When I talk about money with others, the conversations tend to head in one of two directions: either toward Dave Ramsey-type personal finance issues or toward anxiety-tinged discussions of general economic trends, like dim job prospects for recent grads or the real estate meltdown.
The conversation I wish I were having a little more frequently with others is the kind of conversation Caryn Rivadeneira is having with readers in her newest book, Broke: What Financial Desperation Revealed About God’s Abundance. “When my husband and I asked God if we were really living as we should be, as he would want, when we asked him to put us on the path he’d have us, God let us go broke,” she wrote. “He was using our time near the poverty line, treading in debt, to draw me near, to make me over, to answer a prayer bigger than my material needs.” But connecting the dots between that prayer and God’s answer was a journey that exposed areas of self-sufficiency, comparison and fear in her, even as she learned some valuable, relatable truths about the nature of God’s abundance.
After a season of sticking to the “why” prayers…I ventured back into real prayers. After all, exploring God is all well and good, but so is eating and keeping a roof over my family’s head. So as our financial crisis moved from bad to dire, my prayers became more specific. Send a job already! Send me some work! Kill some distant, ancient relative for whom I’m the secret heir! Anything! Just help! Help! Help!And this time, as each prayer was met with nothing – no new job, no more work, no dead relative – I’d decided there could only be two options: (1) God didn’t care, or (2) God wasn’t there. I’d grown weak and weary believing God was having us wait for some “purpose”, that God was just waiting to answer prayers for the “right time”.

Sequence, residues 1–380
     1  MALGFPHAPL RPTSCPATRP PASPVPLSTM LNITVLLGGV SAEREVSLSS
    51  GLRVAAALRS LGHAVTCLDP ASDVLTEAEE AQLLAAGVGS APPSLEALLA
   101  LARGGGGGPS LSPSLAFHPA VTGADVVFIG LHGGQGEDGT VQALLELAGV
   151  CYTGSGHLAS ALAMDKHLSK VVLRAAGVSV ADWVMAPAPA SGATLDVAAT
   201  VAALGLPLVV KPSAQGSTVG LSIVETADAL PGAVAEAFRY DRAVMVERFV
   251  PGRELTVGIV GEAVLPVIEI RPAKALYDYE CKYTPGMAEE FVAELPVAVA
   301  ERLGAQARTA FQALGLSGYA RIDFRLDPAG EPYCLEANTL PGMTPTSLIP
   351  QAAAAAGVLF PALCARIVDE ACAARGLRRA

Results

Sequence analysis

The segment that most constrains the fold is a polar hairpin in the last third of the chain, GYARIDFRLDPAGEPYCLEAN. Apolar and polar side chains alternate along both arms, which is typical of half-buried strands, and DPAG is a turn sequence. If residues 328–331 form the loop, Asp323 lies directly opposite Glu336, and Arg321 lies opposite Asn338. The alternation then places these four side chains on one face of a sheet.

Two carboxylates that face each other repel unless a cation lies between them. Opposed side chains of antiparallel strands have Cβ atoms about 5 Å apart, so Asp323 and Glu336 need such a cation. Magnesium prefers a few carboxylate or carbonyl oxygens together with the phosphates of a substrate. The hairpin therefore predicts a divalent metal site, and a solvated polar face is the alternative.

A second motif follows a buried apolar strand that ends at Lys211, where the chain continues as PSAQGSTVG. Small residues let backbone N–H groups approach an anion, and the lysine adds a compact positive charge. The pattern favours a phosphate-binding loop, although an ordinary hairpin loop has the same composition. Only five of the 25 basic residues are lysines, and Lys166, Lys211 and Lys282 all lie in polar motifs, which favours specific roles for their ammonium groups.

The weakness and weariness highlighted the toll the combination of stress and unanswered prayer had taken on Rivadeneira. But it was also the place from which she gradually learned to trust God in new ways. She doesn’t sugar-coat the difficulty of the process, and her vulnerability (leavened with a good measure of humor) makes the medicine of her message easy to digest. One small quibble: though the book focuses on the spiritual lessons she learned, I would have liked to have seen a page at the end of the book with a list of resources for those who are in tough financial straits.
A whole lot of us are just a couple of paychecks away from the situation in which the Rivadeneiras found themselves. Some of us are even closer than that. And if we slide over the edge, we may discover, as the author did, that we may be broke in more ways than we realized. I’d recommend Broke to those of us who’ve been there, those who are living on the edge of broke, and for some of those who feel they currently possess a measure of financial security. As the last few years have taught us in our society, our stuff, houses or 401(k)’s can’t protect us from being broke. Caryn Rivadeneira’s book affirms that there may be far worse things than a drained bank account.
* I received a review copy of this book from the publisher. Thanks, IVP!